Missing Malaysian airlines flight and terror strike probe
Passenger traffic has sharply dropped off since the unexplained disappearance of flight MH370 Reuters

Malaysian Airlines has posted its worst quarterly loss in over two years, after passengers kept away from the company following the unexplained disappearance of flight MH370 two months ago.

The aviation firm's losses reached £82.2m ($138m, €101m) in the quarter ending 31 March, almost £30m more than the same period last year and its worst loss since the quarter ending 31 December, 2011.

Passengers in Asia have taken their custom elsewhere following the unfortunate event; passenger numbers were down 60% for the airline.

The "dramatic impact", as the company describes it, of the disappearance of flight MH370 in March has only exacerbated its loss making, but in actuality, it has made losses for the last three quarters and a total of $1.3bn in losses over the last three years due to the rising cost of fuel and fierce competition.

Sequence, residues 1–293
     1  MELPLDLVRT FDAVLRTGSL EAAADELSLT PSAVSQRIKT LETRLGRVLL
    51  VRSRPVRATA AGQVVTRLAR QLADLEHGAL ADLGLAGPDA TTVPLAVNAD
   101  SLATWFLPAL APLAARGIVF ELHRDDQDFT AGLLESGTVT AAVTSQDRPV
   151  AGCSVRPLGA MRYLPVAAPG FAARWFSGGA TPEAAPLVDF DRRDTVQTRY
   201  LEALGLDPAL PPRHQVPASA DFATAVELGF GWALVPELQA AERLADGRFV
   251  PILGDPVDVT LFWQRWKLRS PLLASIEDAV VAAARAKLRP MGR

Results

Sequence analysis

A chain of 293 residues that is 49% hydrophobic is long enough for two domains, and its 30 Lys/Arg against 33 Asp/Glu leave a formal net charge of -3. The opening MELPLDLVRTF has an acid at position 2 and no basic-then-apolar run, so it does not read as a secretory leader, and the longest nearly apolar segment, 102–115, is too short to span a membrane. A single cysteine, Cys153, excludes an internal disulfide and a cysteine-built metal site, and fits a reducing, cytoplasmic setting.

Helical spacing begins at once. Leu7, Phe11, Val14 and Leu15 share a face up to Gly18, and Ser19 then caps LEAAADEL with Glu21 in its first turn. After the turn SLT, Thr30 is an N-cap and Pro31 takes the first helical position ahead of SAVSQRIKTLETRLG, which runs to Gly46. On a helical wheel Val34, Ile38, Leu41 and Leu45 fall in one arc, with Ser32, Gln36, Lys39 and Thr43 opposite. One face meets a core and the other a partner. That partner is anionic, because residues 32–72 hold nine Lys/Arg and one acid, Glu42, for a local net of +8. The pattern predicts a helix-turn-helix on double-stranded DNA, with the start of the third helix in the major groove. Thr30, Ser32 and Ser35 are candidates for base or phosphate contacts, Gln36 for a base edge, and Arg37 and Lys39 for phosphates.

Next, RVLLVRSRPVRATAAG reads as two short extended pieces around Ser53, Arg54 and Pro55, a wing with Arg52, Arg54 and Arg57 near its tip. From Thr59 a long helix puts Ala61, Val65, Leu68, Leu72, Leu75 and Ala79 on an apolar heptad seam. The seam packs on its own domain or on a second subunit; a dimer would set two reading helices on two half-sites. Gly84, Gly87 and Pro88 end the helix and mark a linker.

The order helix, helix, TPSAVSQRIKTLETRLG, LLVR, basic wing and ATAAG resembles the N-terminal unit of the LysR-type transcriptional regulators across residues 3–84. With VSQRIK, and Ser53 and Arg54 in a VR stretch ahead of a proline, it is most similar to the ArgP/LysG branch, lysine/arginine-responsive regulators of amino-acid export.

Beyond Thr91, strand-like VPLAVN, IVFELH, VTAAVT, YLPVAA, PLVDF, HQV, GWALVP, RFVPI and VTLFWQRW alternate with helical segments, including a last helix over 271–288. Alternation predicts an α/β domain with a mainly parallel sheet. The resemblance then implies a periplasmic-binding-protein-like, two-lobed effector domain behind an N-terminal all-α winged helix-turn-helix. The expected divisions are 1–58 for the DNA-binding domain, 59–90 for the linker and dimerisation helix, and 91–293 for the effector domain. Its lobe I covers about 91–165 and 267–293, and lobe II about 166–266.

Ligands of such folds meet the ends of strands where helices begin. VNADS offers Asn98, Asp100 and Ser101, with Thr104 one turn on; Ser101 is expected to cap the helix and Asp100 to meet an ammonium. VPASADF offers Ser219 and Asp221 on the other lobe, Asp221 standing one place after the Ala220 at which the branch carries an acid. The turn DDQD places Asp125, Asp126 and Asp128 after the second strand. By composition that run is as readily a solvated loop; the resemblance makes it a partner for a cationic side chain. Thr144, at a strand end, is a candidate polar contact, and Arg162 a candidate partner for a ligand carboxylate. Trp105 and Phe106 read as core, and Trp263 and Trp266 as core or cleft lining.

Malaysia Airlines Group chief executive officer, Ahmad Jauhari Yahya, said: "While the search for MH370 continues today more than two months since it disappeared, our Group needs to accelerate efforts to improve its revenue stream and better manage our high costs which have increased in line with greater capacity."

The Malaysia Airlines flight was carrying 239 people when it went missing on its way from Kuala Lumpur to Beijing on 8 March. The location of the plane has yet to be discovered as officials continue to scour the Southern Indian Ocean, as the Australian, Chinese and Malaysian governments lead the search.

The state backed airline's shares are now valued at 0.21p - the lowest they have ever been.